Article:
Wednesday , January 20 2021

Apple AirPods Max first look: lots to prove

I’ve been playing with Apple’s new $549 AirPods Max over-ear headphones since yesterday afternoon, and so far they sound very nice and fit very comfortably.

They also — I have to say this — have a distinct smell, like a funky riff on new-car smell. I am pretty sure that’s a byproduct of the memory foam earpads rolling off the manufacturing line and straight into a shipping box to my house, and I’m reliably told it will fade away over time.

I would probably not tell you what a pair of $100 headphones smells like. But at $550, I feel compelled to note that the AirPods Max are a multisensory experience out of the box.

Design-wise, the AirPods Max are an interesting blend of classic only-Apple design flourishes and odd incongruities. The headband is stainless steel covered in white rubbery material, with a “breathable mesh knit canopy” across the top; Apple says this distributes the weight of the headphones more evenly across your head. (I can’t say it feels very much different than my Sony WH-1000XM2s, but it’s possible I just have a very large head.) The headband connects to the earcups with adjustable stainless-steel extensions culminating in a pleasantly spring-loaded hinge, all of which is nicer than any other premium headphones I’ve used.

The fairly large earcups are where things get a little messier. I have the silver AirPods Max, and the vast expanse of flattish aluminum does not look at first glance like $550 — it’s possible the other colors look more premium, but you would be forgiven for thinking these are plastic until you touch them and feel the coldness of metal.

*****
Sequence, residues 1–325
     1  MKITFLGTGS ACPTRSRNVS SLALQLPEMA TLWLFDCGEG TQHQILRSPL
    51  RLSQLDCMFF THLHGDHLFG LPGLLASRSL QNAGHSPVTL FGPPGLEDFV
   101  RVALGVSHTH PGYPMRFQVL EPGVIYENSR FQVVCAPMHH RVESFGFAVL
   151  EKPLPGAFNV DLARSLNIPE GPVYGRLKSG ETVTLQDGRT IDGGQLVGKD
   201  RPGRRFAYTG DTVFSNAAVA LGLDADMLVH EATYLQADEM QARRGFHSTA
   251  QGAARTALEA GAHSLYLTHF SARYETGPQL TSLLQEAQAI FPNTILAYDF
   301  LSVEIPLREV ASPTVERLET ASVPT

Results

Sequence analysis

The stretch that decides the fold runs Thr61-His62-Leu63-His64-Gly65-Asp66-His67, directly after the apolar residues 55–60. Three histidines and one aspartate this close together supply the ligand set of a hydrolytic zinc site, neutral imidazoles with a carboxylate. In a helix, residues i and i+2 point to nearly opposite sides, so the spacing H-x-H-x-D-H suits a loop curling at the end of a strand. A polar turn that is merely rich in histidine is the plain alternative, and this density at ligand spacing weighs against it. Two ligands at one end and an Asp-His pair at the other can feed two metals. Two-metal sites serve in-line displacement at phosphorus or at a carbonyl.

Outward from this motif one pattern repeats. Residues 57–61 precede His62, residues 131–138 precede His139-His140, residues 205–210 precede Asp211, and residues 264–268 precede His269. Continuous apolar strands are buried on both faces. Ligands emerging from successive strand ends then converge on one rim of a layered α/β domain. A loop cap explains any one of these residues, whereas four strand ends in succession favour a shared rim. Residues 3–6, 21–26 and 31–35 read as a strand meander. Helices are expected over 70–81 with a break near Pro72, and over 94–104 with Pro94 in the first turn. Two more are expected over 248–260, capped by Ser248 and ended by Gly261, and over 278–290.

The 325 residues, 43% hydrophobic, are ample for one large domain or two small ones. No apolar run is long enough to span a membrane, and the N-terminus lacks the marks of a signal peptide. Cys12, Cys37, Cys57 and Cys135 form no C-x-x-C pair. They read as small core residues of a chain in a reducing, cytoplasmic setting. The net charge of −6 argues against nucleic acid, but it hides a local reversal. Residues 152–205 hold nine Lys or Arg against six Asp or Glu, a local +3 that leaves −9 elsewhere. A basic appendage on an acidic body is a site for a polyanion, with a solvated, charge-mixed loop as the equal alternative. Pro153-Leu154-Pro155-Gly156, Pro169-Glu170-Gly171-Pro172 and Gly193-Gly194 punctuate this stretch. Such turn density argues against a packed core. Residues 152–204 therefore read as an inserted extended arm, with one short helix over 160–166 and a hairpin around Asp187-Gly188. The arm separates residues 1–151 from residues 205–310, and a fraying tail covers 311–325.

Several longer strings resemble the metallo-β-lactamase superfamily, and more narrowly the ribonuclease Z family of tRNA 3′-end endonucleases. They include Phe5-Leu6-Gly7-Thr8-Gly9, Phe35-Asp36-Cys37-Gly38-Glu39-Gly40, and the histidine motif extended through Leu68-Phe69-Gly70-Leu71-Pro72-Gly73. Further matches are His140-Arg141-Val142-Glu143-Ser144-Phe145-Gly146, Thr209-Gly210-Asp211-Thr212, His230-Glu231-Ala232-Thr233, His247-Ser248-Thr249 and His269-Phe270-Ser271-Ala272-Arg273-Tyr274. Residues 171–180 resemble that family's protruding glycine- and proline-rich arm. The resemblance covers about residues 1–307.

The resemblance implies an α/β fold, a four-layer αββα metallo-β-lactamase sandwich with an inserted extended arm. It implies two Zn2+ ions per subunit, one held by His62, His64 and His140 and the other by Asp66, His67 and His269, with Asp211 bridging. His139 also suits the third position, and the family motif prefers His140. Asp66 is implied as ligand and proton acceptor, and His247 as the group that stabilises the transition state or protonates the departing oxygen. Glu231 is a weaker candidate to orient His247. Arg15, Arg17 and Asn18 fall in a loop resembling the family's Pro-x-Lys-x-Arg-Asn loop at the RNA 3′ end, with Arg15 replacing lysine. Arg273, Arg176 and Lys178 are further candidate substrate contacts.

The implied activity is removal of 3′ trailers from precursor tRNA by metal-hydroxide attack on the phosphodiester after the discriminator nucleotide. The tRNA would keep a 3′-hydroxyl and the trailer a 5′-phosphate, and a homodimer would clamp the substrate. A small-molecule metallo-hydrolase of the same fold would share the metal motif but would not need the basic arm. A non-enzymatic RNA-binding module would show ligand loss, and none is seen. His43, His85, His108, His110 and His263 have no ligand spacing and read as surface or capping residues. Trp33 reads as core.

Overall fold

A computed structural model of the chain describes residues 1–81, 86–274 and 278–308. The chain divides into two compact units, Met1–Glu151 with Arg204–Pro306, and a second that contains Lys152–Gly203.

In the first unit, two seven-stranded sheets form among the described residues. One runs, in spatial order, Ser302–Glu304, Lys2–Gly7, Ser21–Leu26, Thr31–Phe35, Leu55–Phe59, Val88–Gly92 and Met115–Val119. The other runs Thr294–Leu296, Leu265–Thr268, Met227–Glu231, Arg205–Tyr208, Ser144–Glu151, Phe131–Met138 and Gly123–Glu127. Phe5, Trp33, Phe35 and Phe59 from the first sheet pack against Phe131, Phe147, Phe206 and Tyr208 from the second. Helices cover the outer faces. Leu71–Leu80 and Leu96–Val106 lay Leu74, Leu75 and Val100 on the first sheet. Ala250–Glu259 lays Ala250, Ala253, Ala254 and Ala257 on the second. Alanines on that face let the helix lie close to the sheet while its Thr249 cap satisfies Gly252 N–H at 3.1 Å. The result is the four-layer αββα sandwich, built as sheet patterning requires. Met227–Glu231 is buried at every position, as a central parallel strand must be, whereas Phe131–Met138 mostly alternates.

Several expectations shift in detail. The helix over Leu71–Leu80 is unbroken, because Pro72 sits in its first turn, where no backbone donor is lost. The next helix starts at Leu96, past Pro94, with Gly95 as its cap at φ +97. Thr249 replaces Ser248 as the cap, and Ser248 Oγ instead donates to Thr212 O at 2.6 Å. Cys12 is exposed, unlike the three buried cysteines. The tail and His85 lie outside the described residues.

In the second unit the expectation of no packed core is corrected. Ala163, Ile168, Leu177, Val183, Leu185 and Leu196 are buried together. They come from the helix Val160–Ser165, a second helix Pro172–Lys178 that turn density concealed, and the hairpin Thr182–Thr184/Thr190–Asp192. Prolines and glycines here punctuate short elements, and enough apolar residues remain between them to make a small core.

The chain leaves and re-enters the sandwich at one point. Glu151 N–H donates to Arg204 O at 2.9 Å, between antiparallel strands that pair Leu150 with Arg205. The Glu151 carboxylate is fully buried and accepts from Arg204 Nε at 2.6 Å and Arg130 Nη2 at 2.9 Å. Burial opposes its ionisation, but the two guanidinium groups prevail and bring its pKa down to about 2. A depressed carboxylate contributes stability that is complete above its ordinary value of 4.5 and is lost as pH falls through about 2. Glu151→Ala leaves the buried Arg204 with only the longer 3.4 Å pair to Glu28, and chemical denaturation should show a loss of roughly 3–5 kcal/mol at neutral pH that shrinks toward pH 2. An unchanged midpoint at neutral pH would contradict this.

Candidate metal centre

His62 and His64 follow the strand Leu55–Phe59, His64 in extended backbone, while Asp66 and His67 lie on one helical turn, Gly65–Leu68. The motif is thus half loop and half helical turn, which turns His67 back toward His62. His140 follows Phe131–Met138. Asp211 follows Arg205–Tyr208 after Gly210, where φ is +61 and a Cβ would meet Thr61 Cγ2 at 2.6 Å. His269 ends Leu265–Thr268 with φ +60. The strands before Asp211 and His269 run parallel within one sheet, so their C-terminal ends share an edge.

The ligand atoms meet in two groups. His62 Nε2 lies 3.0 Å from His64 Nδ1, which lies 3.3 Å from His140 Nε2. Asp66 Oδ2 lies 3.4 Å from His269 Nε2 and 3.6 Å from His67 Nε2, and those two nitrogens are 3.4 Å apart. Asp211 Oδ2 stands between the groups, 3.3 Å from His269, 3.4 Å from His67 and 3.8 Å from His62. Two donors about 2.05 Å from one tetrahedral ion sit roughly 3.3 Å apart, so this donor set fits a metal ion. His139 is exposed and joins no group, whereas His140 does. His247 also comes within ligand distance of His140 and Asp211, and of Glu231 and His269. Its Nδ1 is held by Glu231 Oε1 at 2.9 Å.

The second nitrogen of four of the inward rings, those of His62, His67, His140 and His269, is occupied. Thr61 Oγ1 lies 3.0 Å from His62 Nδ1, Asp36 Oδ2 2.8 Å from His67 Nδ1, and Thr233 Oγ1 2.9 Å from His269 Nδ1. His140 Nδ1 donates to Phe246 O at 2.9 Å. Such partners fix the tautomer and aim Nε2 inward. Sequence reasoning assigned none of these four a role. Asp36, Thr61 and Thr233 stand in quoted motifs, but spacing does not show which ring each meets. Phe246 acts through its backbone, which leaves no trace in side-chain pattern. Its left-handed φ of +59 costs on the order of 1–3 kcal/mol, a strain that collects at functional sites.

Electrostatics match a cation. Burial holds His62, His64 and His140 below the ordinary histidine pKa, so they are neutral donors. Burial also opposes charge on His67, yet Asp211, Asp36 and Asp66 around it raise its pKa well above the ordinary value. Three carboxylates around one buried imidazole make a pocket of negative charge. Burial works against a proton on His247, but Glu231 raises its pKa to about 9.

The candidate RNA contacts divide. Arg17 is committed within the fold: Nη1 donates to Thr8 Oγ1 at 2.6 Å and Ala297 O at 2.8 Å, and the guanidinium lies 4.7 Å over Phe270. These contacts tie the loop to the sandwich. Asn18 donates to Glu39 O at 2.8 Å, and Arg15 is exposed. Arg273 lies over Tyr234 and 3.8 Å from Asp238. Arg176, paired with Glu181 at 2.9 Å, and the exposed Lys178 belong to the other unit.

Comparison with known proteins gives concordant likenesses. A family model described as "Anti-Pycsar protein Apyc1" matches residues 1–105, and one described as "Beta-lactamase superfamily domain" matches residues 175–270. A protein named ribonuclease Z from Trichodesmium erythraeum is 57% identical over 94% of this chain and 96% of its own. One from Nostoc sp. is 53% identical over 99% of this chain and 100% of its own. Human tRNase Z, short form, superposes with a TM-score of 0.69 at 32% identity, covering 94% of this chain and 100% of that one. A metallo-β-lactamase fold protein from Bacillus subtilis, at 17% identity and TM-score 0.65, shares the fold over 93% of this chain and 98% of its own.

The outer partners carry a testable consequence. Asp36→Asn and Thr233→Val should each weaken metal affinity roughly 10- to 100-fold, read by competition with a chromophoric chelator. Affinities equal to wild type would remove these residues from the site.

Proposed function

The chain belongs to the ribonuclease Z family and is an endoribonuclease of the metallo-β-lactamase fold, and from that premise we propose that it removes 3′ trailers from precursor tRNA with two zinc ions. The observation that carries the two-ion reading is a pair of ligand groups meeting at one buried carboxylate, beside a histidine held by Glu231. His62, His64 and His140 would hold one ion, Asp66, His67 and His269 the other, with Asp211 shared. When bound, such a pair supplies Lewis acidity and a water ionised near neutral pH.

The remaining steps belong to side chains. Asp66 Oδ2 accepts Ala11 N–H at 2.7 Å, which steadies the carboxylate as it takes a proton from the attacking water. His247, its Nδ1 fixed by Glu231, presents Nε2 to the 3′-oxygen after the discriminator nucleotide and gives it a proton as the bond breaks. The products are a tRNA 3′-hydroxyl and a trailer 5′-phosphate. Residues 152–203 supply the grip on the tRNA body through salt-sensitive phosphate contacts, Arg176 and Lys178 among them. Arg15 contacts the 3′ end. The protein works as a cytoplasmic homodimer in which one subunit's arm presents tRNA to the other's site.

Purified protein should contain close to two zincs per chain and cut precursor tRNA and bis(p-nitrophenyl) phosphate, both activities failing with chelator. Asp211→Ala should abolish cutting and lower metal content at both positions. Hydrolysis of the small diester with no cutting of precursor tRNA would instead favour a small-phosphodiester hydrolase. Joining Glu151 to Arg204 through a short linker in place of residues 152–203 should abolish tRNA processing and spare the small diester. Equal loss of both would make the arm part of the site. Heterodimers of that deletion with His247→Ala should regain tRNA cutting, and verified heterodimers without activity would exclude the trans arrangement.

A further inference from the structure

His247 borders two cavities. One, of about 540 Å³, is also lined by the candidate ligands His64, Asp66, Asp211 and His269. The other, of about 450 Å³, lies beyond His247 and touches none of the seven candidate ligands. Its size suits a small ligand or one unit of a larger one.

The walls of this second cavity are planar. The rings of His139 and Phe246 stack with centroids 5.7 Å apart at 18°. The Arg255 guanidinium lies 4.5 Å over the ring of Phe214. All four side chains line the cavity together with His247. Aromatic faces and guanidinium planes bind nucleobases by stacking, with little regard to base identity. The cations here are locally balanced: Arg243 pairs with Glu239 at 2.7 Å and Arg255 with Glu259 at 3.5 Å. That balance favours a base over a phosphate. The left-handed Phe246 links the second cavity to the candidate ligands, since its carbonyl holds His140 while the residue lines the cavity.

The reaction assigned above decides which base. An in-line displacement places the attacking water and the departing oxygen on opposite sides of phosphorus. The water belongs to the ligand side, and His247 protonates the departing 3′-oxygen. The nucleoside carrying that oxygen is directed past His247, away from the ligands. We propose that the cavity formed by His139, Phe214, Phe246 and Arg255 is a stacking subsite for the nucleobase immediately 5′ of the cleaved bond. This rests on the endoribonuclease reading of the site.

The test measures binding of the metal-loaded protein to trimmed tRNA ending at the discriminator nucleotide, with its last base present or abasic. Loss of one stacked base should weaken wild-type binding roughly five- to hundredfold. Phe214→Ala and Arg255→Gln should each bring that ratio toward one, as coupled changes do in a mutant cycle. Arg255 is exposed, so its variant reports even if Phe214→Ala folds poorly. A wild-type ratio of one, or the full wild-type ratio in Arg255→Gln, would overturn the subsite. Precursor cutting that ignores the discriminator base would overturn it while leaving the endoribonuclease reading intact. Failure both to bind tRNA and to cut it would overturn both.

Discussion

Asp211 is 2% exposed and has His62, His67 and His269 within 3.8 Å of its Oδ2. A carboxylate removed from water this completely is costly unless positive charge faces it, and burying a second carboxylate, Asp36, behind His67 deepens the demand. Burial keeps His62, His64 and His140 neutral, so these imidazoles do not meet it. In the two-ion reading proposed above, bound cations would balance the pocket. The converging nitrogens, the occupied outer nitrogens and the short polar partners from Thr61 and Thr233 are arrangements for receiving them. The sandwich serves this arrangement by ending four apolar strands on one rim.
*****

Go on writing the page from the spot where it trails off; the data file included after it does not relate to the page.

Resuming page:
The earcups are not smooth, unbroken surfaces. There are 10 slots of various shapes and sizes cut into the earcup shells. Seven of those are microphones: six used for noise-cancellation and another for voice calls. (There are another two mics inside the earcups.) These slots are not symmetrical; the top of the left earcup has one long slot, one short one, and then three more slots on the bottom along with a long gray plastic antenna line.

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There are two slots on top of the right earcup, and there are three more on the bottom, in addition to a small status LED and the Lightning port, which Apple chose over USB-C to be more convenient for all the iPhone users out there. The AirPods Max can be charged to its full 20-hour battery life in two hours from the standard 5W iPhone brick, and run for 90 minutes after just five minutes on the charger. (There’s no fast-charging available, even if you use a USB-C to Lightning cable.)

The right earcup also has a button to switch between noise-cancelling and transparency mode, as well as a Digital Crown volume control you can press to play and pause music, and hold to invoke Siri. (You can also just say “Hey Siri,” which worked well enough.) One note on the crown: it’s much bigger than the one that appears on an Apple Watch, so it doesn’t feel too awkward to use.